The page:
As health budgets tighten globally, evaluating the cost-effectiveness of glaucoma services is vital; however, there is a lack of validated instruments that measure utility specific to glaucoma patients. We thus evaluated the validity of the Visual Function Questionnaire—Utility Index (VFQ-UI) as a measure of vision-related function and preference-based status in glaucoma.
Patients and Methods:
Cross-sectional study of 141 volunteer patients over 40 years of age with moderate (n=64) or severe (n=36) glaucoma, and 41 controls. Sociodemographic information, visual acuity, and visual field test parameters were obtained. The VFQ-UI and Glaucoma Activity Limitation-9 patient-reported outcome tools were administered, and their psychometric properties explored using Rasch analysis. Criterion, convergent, and divergent validity of the VFQ-UI were also assessed.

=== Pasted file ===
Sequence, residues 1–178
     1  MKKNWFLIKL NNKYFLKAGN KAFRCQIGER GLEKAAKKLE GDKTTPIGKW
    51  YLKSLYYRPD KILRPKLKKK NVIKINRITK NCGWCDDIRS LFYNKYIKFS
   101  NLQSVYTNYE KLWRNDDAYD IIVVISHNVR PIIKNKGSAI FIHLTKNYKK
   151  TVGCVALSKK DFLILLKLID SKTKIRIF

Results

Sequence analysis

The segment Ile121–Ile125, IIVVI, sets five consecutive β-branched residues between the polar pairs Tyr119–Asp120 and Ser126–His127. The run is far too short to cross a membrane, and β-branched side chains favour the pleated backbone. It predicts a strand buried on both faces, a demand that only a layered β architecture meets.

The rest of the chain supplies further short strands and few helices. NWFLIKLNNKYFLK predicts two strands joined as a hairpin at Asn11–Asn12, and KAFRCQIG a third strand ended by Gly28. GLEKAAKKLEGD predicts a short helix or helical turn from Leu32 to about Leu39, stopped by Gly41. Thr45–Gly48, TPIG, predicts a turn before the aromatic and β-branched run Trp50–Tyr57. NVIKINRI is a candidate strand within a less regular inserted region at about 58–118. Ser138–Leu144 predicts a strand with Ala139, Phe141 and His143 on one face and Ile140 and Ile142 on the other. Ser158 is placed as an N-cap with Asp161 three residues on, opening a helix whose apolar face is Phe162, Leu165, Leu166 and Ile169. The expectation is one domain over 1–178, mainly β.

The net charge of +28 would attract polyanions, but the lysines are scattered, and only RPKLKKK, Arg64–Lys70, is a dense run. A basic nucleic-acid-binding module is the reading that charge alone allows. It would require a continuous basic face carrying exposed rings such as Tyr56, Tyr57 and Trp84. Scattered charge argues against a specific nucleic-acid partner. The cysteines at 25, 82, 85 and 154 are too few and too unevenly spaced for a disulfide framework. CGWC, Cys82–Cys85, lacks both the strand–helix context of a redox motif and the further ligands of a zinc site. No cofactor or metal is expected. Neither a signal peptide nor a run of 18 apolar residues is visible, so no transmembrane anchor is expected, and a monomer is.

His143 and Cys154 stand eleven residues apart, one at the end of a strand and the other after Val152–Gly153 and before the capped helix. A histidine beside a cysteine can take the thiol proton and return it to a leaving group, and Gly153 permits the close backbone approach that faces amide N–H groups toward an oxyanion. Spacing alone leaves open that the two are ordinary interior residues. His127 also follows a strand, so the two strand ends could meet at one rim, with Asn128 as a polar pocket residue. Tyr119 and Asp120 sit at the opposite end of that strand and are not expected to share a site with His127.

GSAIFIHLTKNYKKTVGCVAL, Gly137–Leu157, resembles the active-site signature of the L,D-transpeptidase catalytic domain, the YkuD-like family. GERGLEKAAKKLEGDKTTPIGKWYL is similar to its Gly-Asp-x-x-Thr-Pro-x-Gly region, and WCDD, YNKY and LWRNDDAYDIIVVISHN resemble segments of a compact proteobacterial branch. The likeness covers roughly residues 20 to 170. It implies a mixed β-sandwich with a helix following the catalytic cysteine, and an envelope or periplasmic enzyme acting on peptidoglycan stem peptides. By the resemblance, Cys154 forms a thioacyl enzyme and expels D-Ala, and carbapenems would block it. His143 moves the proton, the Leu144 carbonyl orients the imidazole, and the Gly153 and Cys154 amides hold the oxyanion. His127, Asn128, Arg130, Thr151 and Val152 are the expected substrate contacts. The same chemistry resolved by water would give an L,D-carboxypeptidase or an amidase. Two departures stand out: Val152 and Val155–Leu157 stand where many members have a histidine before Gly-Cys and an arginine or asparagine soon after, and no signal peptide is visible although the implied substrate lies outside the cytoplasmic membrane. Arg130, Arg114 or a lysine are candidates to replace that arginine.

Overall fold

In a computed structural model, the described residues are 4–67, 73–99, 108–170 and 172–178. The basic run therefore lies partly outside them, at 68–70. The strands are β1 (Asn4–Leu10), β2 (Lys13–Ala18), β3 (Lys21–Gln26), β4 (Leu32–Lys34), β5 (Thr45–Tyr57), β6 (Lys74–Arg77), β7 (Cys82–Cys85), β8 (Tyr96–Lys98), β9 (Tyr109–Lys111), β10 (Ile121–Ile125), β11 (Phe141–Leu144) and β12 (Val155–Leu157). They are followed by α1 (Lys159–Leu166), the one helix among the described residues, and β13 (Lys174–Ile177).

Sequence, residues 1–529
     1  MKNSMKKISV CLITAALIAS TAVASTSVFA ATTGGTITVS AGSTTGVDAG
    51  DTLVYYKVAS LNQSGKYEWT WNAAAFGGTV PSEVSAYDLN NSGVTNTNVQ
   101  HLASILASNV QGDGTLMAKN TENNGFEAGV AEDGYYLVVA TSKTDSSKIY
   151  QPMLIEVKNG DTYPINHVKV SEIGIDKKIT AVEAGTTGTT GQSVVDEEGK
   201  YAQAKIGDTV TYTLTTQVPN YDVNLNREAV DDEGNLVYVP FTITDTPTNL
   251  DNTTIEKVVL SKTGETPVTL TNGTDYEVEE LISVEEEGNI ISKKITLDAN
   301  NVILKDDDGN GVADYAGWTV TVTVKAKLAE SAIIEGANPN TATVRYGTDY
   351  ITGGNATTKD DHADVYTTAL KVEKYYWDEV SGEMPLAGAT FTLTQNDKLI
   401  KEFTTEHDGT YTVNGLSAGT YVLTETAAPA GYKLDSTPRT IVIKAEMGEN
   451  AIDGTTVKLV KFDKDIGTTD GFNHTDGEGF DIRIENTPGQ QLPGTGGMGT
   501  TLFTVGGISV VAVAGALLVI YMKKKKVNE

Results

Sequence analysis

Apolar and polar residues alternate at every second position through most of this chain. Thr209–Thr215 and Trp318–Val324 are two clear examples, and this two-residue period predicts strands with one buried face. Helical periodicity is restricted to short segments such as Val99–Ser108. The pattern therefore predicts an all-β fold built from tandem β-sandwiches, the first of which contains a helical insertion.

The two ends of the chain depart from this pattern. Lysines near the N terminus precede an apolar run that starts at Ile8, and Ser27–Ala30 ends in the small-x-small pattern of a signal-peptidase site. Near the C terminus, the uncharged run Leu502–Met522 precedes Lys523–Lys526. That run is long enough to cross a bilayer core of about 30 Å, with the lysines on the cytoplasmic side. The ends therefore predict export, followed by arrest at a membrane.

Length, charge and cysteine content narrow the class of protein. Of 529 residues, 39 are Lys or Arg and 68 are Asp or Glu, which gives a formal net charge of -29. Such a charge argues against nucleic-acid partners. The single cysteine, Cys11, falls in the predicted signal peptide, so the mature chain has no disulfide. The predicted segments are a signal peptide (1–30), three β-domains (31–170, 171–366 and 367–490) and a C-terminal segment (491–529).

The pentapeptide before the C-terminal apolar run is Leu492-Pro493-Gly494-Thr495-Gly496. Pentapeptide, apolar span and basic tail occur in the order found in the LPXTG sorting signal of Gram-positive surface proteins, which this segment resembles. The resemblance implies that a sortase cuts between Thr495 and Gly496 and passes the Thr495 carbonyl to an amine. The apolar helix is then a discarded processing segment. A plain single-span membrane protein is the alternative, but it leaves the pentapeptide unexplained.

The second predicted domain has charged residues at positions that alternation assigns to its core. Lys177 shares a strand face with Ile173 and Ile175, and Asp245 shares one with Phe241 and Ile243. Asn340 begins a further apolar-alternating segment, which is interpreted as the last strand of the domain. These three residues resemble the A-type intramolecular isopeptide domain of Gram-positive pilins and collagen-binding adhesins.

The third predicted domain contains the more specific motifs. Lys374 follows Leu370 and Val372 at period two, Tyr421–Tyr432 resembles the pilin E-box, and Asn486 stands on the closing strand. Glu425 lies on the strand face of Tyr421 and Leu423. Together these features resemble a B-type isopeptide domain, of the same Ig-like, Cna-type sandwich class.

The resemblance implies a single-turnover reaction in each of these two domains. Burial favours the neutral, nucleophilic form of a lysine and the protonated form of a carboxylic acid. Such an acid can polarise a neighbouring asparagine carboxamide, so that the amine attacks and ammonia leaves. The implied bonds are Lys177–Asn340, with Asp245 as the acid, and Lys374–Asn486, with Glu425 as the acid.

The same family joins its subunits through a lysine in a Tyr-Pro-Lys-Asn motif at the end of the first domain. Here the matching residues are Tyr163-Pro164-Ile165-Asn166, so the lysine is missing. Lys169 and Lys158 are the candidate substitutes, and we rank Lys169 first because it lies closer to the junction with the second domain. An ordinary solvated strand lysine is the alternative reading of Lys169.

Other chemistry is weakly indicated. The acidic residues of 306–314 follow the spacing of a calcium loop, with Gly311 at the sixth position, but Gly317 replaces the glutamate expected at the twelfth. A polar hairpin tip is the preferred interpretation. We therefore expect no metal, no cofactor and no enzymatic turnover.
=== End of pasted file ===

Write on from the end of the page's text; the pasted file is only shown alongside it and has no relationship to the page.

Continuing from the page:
Mean age was 69.7 (±10.8) years, with a mean better eye visual acuity (LogMAR) of 0.074 (±0.356) (approximate Snellen acuity of 20/24). Overall, the VFQ-UI had satisfactory fit to the Rasch model, however targeting and precision were suboptimal with a person separation index of 1.72 and person reliability coefficient of 0.75. VFQ-UI scores significantly increased as glaucoma severity worsened between controls (−4.54, ±1.15) and patients with moderate (−3.77, ±1.57) and severe glaucoma (−1.98, ±2.98), indicating good criterion validity (P<0.001). Strong correlation between VFQ-UI and Glaucoma Activity Limitation-9 scores (r=0.764, P<0.001) demonstrated good convergent validity. There was no significant correlation between VFQ-UI scores and age and sex (r=0.150 and 0.026, respectively), demonstrating good divergent validity.
The VFQ-UI shows potential to measure preference-based status in a cohort of glaucoma patients, with the means to calculate utility. Although the VFQ-UI displayed reasonable fit to the Rasch model overall and had good criterion, convergent and divergent validity, its lack of precision is a limitation. The difficulty of the VFQ-UI in discriminating among patients with varying glaucoma severity may be improved by including items specific to glaucomatous visual dysfunction.